Advanced statistics don’t make a particularly strong case for Murphy, either. His 46.5 career WAR ranks 37th in career WAR among center fielders, and while he finished among the NL’s top 10 five times, his peak score of 41.2 ranks a modest 18th, better than nine of the 19 enshrined at the position, two of whom (Larry Doby and Kirby Puckett) nonetheless have higher JAWS despite much shorter careers. Andruw Jones, Carlos Beltrán, Kenny Lofton, and Jim Edmonds, none of whom are enshrined yet, all have higher peak scores and outrank him in JAWS, where he’s 27th, ahead of only four non-Negro Leagues honorees.

By just about every measure, Murphy would be a substandard pick if he were to be elected. Yet I’ll admit that in the wake of Harold Baines‘ rather shocking election on the 2019 Today’s Game ballot, he’s been the candidate I thought of most. Baines ranks 76th in JAWS among right fielders and had longevity in his favor but a peak score (21.4) that’s barely half of Murphy’s, and a career WAR (38.7) that doesn’t even match the center fielder’s peak. “Why battle over Dale Murphy or Fred McGriff if Harold Baines is the standard?” I wrote while venting my frustration over Baines’ election.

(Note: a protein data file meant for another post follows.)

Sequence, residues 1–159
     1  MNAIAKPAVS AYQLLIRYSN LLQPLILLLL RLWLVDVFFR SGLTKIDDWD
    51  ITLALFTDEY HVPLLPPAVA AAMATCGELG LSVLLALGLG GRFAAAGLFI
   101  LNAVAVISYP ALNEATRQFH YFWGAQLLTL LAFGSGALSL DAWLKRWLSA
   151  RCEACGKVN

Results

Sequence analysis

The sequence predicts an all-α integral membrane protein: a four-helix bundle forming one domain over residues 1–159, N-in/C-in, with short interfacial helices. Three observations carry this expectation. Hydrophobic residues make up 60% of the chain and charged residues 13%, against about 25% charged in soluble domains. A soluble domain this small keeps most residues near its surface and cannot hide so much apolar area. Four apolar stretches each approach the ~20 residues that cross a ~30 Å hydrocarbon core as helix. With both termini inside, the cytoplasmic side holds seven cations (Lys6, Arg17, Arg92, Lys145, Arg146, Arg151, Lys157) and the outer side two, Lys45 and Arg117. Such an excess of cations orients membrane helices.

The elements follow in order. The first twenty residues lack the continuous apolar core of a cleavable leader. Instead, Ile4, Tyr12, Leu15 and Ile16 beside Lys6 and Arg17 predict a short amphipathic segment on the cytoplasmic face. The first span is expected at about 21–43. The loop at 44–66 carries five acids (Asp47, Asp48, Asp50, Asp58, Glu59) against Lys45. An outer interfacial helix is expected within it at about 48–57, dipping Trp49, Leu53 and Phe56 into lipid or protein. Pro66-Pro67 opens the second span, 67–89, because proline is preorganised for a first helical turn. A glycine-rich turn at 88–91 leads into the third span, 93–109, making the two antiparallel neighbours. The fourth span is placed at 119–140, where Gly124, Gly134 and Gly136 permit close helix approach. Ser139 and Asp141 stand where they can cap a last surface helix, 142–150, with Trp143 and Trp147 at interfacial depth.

What’s more, as Hall of Fame discussions have come to include more information about players’ character and off-field behavior — much of it negative, unfortunately, particularly when it comes to incidents of domestic violence — I’ve come to appreciate Murphy even more. His final year on the writers’ ballot coincided with my first year covering the election cycle for SI.com after doing so from 2004-12 for Baseball Prospectus. That 2013 ballot brought forth the candidacies of Barry Bonds, Roger Clemens, Curt Schilling, and Sammy Sosa, not to mention Craig Biggio, Mike Piazza and Lofton. Nobody was elected that year, as the issue of performance-enhancing drugs became front and center. In contrast, several of Murphy’s eight children mounted a public relations campaign on his behalf, one that included an open letter to the BBWAA (with callouts of “statistics nerds” as well as JAWS and other fancy stats, all of which absurdly enough came from a PhD candidate in organizational behavior), a Change.org petition, a wonderfully endearing cartoon, and more. While mostly tasteful, at one point, a couple of the Murphy kids even took their shots at me on Twitter, which wasn’t fun.